Intended users of the Toolkit include creative companies, producers, sales companies, VFX houses, and service providers such as film studios and consultants operating in the UK film or TV industries. The Toolkit is intended to assist these businesses to protect themselves when they disclose creative materials or commercial information, especially during the initial phase of negotiations during which an appropriate deal structure needs to be worked out. In general the Toolkit will encourage creative collaboration and openness in business dealings.

Among other things, the Toolkit covers the following:

  • How China’s confidentiality and trade secret laws differ from those of common law jurisdictions such as the US and the UK
  • The basic requirements for protecting trade secrets in China
  • The limits to protection and how protection can be lost
  • Why contracts with Chinese parties should always be bilingual
  • Why Chinese law and jurisdiction should be chosen in most instances
  • How protection under an NDA should be supplemented by trademark and copyright registrations in China

Baroness Neville-Rolfe, the UK’s Minister of State for Energy and Intellectual Property, has been visiting  China this week. The visit program has included high level bilateral meetings, policy exchanges and external stakeholder events. The visit will culminate in The UK-China IP Symposium in Beijing on Friday August 26th. The Symposium marks the 20th year of UK Intellectual Property Office cooperation with China’s State Intellectual Property Office (SIPO). As the flagship UK-China IP event, the Symposium will be co-hosted by Commissioner Shen Changyu of SIPO and Baroness Neville-Rolfe.

The Toolkit will be launched officially at the Symposium. I will introduce the Toolkit in a special session of the Symposium and explain how it will help protect intellectual property and encourage creative collaboration. There will also be sessions on promoting innovation through patents and designs and on the UK’s IP enforcement strategy to 2020. To reserve a place at the Symposium please contact Shi.Hui@fco.gov.uk.

For further information about the Toolkit please contact the BFI or PACT.

index-315754_960_720This is the third in a series of posts about getting paid by a Chinese company. In Have the Rules Changed? I looked briefly at the underlying framework of rules that apply to foreign conversions and remittances. Is there a PRC Tax Problem? dealt with some of the tax-related issues that cause payment delays or defaults. In this third post I look at some basic due diligence that can identify or avoid defaults or delays in money transfers out of China.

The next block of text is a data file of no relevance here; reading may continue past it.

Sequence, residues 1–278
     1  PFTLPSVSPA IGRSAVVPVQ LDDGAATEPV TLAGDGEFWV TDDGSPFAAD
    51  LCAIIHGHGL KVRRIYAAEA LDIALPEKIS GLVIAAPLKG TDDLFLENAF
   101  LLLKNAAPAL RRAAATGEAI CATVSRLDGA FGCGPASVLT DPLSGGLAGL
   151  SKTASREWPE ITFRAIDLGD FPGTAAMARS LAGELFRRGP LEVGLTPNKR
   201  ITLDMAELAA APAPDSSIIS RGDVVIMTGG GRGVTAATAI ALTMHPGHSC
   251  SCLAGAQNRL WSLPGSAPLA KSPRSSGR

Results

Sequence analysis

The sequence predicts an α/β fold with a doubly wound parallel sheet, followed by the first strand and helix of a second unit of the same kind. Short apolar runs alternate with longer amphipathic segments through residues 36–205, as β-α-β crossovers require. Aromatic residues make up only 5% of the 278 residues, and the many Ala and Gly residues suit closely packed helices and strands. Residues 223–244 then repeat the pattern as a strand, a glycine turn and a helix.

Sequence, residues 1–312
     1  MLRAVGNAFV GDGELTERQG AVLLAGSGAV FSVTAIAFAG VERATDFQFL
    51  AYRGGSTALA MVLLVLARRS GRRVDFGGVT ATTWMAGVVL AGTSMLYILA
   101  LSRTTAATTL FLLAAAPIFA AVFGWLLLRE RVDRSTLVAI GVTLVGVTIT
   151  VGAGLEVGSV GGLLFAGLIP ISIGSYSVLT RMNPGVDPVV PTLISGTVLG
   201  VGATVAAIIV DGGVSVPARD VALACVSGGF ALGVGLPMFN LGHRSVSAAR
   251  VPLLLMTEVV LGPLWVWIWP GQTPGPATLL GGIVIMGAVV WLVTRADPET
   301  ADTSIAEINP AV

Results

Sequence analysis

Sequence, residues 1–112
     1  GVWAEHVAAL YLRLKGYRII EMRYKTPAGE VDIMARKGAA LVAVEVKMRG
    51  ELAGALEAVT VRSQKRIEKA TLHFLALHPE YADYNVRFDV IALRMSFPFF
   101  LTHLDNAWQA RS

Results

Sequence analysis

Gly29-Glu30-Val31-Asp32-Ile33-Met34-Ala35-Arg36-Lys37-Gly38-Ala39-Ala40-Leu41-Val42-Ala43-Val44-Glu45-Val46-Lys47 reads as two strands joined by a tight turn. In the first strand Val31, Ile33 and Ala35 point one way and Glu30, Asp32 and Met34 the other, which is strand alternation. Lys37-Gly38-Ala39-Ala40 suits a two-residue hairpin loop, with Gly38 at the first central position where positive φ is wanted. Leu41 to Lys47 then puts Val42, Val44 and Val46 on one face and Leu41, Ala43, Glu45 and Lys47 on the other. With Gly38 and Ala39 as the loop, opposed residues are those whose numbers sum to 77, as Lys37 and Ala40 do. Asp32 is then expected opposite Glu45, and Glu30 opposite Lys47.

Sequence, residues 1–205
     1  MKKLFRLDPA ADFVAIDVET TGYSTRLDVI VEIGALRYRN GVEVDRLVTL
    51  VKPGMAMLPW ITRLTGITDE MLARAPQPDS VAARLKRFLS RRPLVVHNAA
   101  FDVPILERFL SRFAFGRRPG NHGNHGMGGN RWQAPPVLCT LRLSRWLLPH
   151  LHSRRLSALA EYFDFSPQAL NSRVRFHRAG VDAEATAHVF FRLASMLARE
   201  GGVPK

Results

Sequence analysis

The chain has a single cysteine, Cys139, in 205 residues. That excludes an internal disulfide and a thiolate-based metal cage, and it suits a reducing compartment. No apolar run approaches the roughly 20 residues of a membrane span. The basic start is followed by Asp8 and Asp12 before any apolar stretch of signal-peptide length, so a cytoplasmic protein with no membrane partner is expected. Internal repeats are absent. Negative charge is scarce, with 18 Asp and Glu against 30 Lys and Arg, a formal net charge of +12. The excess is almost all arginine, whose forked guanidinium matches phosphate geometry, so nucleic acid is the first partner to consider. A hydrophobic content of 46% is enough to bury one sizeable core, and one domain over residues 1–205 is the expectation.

If you don’t get paid, ask yourself these questions before you rush to blame the Chinese company:

1. Do you have any idea what taxes should have been paid by the Chinese company and what taxes should be deducted from the remittance itself?

2. Was your contract exempt from the kind of prior registrations required by the tax authorities?

3. Do you even have an enforceable contract against the Chinese company in China?

4. Has an independent person gone down to the Chinese company’s bank branch to confirm what their particular requirements and concerns are?

5. Did you withhold any deliverables until you received all or substantially all of the money out of China?

6. Did you ask the Chinese company to provide examples of previous successful foreign remittances?

7. Does the business license of the Chinese company allow for foreign trade and thereby indicate that foreign remittances would not be unusual in the ordinary course of business?

8. If you’re dealing with a State Owned Entity (SOE), or a very large company of any kind, did you understand all of the internal approvals that company would require before a payment could be authorized and did you appreciate how long this might take?

If the answer to any one of these questions is “no”, don’t blame the Chinese company.

China taxes

This is the second in a series of posts about problems encountered when attempting to get paid by a Chinese company. In Chinese Company Won’t Wire You Money. Have the Rules Changed? I looked briefly at the underlying framework of rules applying to foreign conversions and remittances. In this post I consider tax-related issues that can often cause payment delays or defaults. These issues vary depending on the nature of the payment. Let’s look at the three areas of payment encountered most by our China lawyers.